Speaking with The PIE News, Vivienne Stern, director of UUKi, pointed out that the recruitment cycle was already in play for 2021 enrolments, which includes masters programs that begin in January 2021.
“The government will have to make a decision on [fee status],” she observed, “and we will be lobbying for one more year [of EU students treated as UK-domiciled students] until we make a transition beyond that.”
Stern, speaking while at a quarterly meeting of the European University Association in Brussels, also underlined the importance the sector attached to the country remaining in the Erasmus+ mobility scheme.
“I will be working very hard to make [decision makers] understand the value of Erasmus+ beyond money in, money out,” said Stern.
“Those students who have studied abroad do better in employment terms,” she said, one factor among many benefits outlined in a UUK policy briefing.
“I hope the government takes a broad view on the evidential benefits of Erasmus+.”
Spending the eve of Brexit in Brussels, Stern said the reason for the joint statement made with European associations was “not to underline what we want but to stress, do this as soon as you can”.
“Erasmus plays a very important balancing role”
Simon Marginson, professor of Higher Education at the University of Oxford, also believes that the UK’s ongoing participation in Erasmus+ is a priority.
“I think maintaining Erasmus is the big issue for us,” he told The PIE, pointing out the volume of students involved each year.
“Erasmus plays a very important balancing role. The UK’s got a commercial approach to international education outside Europe. You know, it’s quite an aggressive commercial approach and that has some effect on the way in which international education is practised and seen on campus.
“But having big Erasmus communities provides a broader experience for the internationals from other places and also ensures that educational and cultural values are at the forefront as well in the UK’s internationalisation.”
Marginson said that with a PM who was more “cosmopolitan” than his predecessor and the support of universities minister, Chris Skidmore, it was likely that ongoing inclusion in the scheme could happen.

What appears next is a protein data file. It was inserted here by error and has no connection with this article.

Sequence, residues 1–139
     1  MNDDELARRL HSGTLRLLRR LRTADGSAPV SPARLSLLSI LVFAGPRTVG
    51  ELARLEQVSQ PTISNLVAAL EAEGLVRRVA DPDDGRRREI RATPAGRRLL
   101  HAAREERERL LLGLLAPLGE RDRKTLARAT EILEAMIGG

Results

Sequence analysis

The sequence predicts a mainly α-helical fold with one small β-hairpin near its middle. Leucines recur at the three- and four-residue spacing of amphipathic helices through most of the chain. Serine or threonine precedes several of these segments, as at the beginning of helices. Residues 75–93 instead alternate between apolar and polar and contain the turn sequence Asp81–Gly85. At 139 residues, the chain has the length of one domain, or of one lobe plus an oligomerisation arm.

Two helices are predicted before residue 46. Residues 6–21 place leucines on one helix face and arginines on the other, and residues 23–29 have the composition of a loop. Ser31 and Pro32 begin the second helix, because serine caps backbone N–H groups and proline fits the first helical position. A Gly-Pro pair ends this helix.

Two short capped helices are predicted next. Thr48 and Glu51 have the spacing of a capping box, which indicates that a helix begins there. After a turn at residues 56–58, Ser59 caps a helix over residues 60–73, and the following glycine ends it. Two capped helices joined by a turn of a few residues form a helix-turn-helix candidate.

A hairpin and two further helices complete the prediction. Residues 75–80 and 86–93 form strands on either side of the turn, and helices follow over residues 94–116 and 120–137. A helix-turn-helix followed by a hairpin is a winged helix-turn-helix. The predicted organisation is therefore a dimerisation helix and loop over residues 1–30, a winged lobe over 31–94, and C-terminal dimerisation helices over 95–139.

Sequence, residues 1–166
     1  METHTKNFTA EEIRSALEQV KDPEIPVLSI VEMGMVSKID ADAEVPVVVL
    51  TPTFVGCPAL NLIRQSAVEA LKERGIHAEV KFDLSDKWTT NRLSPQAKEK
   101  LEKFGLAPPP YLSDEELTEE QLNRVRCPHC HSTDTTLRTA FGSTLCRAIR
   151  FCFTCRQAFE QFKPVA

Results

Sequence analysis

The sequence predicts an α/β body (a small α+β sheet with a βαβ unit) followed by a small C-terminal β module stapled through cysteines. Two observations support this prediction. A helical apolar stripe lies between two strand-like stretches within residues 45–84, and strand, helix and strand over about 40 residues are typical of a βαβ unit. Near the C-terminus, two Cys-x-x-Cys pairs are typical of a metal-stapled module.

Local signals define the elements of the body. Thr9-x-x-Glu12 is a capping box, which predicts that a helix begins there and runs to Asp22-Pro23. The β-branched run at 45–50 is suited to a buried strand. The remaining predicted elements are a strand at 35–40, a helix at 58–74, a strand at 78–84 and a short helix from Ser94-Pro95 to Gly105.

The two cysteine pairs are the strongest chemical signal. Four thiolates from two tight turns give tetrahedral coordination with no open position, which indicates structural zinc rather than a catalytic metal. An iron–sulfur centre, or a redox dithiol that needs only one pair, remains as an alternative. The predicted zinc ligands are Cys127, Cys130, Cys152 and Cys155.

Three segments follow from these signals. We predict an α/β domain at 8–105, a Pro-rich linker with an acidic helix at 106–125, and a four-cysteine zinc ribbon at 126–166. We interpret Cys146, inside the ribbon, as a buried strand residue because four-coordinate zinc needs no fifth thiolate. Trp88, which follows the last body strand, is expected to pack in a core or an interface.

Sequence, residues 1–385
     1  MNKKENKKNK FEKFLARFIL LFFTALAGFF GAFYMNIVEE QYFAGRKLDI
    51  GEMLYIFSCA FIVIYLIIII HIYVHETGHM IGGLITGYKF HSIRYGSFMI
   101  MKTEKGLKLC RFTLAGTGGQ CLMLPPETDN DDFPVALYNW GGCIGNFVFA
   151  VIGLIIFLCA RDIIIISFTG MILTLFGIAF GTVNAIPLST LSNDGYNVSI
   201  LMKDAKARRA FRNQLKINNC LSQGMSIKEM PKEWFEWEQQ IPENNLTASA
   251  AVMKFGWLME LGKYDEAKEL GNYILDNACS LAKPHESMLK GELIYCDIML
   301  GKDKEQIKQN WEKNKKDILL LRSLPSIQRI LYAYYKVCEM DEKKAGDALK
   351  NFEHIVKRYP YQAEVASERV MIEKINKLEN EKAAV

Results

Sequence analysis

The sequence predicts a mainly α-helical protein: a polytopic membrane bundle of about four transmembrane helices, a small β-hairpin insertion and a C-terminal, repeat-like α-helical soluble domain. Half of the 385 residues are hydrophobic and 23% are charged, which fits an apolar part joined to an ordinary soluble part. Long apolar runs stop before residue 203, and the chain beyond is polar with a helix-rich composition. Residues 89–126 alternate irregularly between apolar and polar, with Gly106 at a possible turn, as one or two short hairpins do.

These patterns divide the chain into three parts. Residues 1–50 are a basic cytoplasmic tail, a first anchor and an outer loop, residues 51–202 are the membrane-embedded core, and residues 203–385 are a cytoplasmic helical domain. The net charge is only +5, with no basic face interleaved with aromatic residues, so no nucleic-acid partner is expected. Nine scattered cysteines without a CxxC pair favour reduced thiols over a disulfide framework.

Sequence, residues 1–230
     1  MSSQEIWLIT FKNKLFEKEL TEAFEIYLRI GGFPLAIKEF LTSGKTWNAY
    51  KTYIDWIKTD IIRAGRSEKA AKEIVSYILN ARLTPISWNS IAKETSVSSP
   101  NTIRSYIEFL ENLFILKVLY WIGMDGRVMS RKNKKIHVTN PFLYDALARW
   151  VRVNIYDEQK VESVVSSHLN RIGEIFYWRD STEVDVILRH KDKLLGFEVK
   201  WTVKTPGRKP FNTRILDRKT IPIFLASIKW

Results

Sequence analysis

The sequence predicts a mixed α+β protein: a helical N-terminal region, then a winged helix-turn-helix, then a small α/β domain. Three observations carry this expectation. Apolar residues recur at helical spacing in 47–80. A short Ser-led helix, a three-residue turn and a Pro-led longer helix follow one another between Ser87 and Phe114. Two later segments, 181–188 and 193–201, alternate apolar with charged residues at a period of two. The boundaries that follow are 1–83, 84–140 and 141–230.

“The government’s committed to it, I think that’s genuine,” he said.
“Their response to the amendment that was defeated was ‘No, we support the principle, we just can’t make these kinds of exceptions in the legislation’.”
While there has also been focus on research (and sister scheme Horizon2020), Marginson posited that in higher education, “it’s all about people, and it’s about students more than anything else. And [Erasmus] is the big scheme in terms of the cultural change that it brings to all of its partners.”
Regarding future projections for EU student recruitment after the transition period and in a new fee era, Stern acknowledged that she expected there would be an adverse impact.
But she was positive on the enduring appeal of the UK’s “high quality” system and expectant that new scholarship vehicles may become available.
“I think some universities’ projections are overly pessimistic,” she said. “Students, willing to pay £9,000 per year already, in the case that they may have to pay international fees, may still consider the once-in-a-lifetime opportunity and [decide to come].”
“Some universities’ projections are overly pessimistic”
There would be clear communications on what sort of financial support might be available for European students, as well as scholarship schemes to consider, she said.
Marginson, meanwhile, suggested that China might be the country that levels out any shortfall in EU student recruitment in the longer-term, and warned of an increasing imbalance in nationality mix this could herald.
“There’s only a certain number of countries where you can actually turn the tap on and let more water flow through, China being the main one,” he advised – pointing out other markets may need further development.
“I think everyone knows that there won’t be any short-term alternatives at scale. So, you know, you could see problems developing around the diversity of intake.”
However, Sarah Cooper, who is stepping down today as chief executive of English UK, says she remains “optimistic for the future of UK ELT” despite “all the uncertainty during this period”.
“Engagement with government and our colleagues in the wider international education industry has never been so positive and encouraging,” she told The PIE.
“Government appreciation of the quality, breadth and innovation in UK ELT, including teacher training, is strong, as is the understanding of the complexity of the overall international student journey.”